P18 Patient Preferences for Attributes of a Multi-Cancer Early Detection Test: A Discrete Choice Experiment (DCE) Quantitative Pilot Study


      Early cancer detection and intervention can significantly improve patient outcomes and reduce mortality rates. Evidence shows that emerging blood-based multi-cancer early detection (MCED) tests can detect a variety of cancer types across stages and provide a predicted cancer signal origin with high specificity. However, little is known about patients’ preferences for MCED tests. This study aimed to quantify preferences for attributes of blood-based MCED tests among the US general population aged 50-80 years.


      A DCE consisting of five attributes (true positives, false negatives, false positives, likelihood of the cancer type unknown [e.g., inaccurate cancer signal origin], and number of cancers tested for) was administered online to US general population members to elicit preferences to quantitatively pilot test the DCE. Data were analyzed using an error-component multinomial logit model and relative attribute importance (RAI) was obtained.


      Participants (N=303) were 62.0% male (n=188), mean age 68.2 years (SD=6.4). RAI indicated that the rank order of attribute importance was false negatives (35.7%), true positives (27.6%), false positives (17.3%), number of cancers tested for (16.8%), and cancer type unknown (2.7%). Attributes related to improved test accuracy were important and participants strongly preferred screenings that tested for more cancer types (all p < 0.05). Preferences were non-significant for the likelihood of cancer type unknown attribute levels. Overall, 71.9% of participants reported that they would prefer to receive the MCED test in addition to their currently recommended cancer screenings.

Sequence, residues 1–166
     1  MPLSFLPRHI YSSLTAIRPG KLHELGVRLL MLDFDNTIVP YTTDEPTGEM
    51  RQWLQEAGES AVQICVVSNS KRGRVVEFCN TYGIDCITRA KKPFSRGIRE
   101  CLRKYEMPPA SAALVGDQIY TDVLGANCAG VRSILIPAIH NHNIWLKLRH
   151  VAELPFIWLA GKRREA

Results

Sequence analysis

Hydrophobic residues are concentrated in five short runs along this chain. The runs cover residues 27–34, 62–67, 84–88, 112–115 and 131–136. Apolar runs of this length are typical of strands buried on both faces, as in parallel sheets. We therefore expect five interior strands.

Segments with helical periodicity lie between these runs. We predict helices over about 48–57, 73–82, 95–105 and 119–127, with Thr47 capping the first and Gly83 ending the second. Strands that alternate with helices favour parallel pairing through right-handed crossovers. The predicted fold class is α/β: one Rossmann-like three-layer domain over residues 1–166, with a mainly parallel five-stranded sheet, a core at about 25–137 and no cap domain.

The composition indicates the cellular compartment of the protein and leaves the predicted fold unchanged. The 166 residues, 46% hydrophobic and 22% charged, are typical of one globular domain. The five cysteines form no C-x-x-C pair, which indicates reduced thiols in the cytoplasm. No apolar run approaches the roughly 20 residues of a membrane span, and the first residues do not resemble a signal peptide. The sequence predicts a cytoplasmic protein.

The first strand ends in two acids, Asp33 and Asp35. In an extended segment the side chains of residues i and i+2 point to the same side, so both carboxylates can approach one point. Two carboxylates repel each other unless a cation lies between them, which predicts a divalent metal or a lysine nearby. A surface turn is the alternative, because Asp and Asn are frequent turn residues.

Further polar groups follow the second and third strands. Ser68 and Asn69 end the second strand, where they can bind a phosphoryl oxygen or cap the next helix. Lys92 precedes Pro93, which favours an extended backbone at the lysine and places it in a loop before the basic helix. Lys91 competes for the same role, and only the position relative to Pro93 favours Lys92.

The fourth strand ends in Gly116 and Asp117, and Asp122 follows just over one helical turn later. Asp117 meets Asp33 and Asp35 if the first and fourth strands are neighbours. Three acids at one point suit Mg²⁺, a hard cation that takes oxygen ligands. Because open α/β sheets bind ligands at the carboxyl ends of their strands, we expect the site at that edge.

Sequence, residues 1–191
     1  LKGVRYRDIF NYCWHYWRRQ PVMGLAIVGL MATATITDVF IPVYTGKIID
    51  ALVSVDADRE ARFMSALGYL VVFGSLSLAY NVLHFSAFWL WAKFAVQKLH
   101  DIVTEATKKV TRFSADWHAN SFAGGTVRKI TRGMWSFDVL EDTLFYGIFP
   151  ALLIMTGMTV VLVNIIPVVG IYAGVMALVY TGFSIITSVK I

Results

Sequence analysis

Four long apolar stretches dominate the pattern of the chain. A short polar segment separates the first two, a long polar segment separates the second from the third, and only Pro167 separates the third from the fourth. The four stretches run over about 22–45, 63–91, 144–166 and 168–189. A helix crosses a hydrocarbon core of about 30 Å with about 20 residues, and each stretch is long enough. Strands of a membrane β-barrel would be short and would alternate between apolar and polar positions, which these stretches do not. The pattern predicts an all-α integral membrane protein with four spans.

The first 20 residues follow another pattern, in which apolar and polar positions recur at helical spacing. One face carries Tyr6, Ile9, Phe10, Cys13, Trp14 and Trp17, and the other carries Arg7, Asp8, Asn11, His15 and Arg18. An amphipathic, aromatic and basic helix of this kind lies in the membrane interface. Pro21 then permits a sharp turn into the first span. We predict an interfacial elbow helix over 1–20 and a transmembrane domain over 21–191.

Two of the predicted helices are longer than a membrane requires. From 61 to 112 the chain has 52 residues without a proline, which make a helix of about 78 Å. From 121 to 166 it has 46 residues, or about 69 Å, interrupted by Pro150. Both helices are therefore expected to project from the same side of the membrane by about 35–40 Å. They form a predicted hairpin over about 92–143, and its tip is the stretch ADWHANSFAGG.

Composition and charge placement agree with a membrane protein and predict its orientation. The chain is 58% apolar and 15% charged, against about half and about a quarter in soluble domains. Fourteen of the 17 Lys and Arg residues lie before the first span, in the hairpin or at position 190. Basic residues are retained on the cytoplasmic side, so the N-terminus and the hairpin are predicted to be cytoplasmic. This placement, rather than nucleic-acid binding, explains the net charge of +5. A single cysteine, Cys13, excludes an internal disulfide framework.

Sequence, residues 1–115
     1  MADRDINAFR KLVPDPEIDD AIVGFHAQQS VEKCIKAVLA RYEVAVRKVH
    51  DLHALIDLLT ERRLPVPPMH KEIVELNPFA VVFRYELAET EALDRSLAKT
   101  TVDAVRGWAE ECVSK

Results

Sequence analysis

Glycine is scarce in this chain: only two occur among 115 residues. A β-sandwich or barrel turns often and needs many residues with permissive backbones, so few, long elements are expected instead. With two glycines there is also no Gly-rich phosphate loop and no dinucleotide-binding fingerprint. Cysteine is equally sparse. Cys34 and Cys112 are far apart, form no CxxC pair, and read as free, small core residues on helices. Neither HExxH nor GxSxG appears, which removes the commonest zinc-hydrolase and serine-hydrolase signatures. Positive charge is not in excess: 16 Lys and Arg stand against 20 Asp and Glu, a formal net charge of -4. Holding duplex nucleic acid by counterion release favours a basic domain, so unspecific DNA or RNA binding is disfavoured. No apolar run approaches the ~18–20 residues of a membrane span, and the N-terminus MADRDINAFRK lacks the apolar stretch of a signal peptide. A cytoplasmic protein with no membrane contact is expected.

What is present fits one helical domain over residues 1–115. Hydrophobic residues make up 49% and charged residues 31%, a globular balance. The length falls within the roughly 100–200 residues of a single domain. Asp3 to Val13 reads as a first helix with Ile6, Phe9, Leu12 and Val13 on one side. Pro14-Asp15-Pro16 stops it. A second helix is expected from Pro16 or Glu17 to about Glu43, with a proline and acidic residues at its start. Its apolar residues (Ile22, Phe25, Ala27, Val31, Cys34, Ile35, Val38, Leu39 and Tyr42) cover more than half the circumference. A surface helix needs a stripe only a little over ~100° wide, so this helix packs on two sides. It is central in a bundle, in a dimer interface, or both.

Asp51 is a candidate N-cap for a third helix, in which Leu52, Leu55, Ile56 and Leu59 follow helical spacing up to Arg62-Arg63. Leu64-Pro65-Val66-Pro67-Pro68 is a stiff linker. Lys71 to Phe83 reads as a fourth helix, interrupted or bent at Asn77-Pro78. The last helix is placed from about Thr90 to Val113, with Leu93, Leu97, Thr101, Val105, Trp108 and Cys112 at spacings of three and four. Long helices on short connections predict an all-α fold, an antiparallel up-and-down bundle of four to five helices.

Participants’ preferences were strongly driven by the desire for a screening test with fewer false negatives and more true positives, with these 2 attributes comprising 63.3% of the RAI. False positive results and number of types of cancer tested for also impacted preferences but were of lower importance. The majority of participants preferred adding a MCED test to supplement current cancer screenings.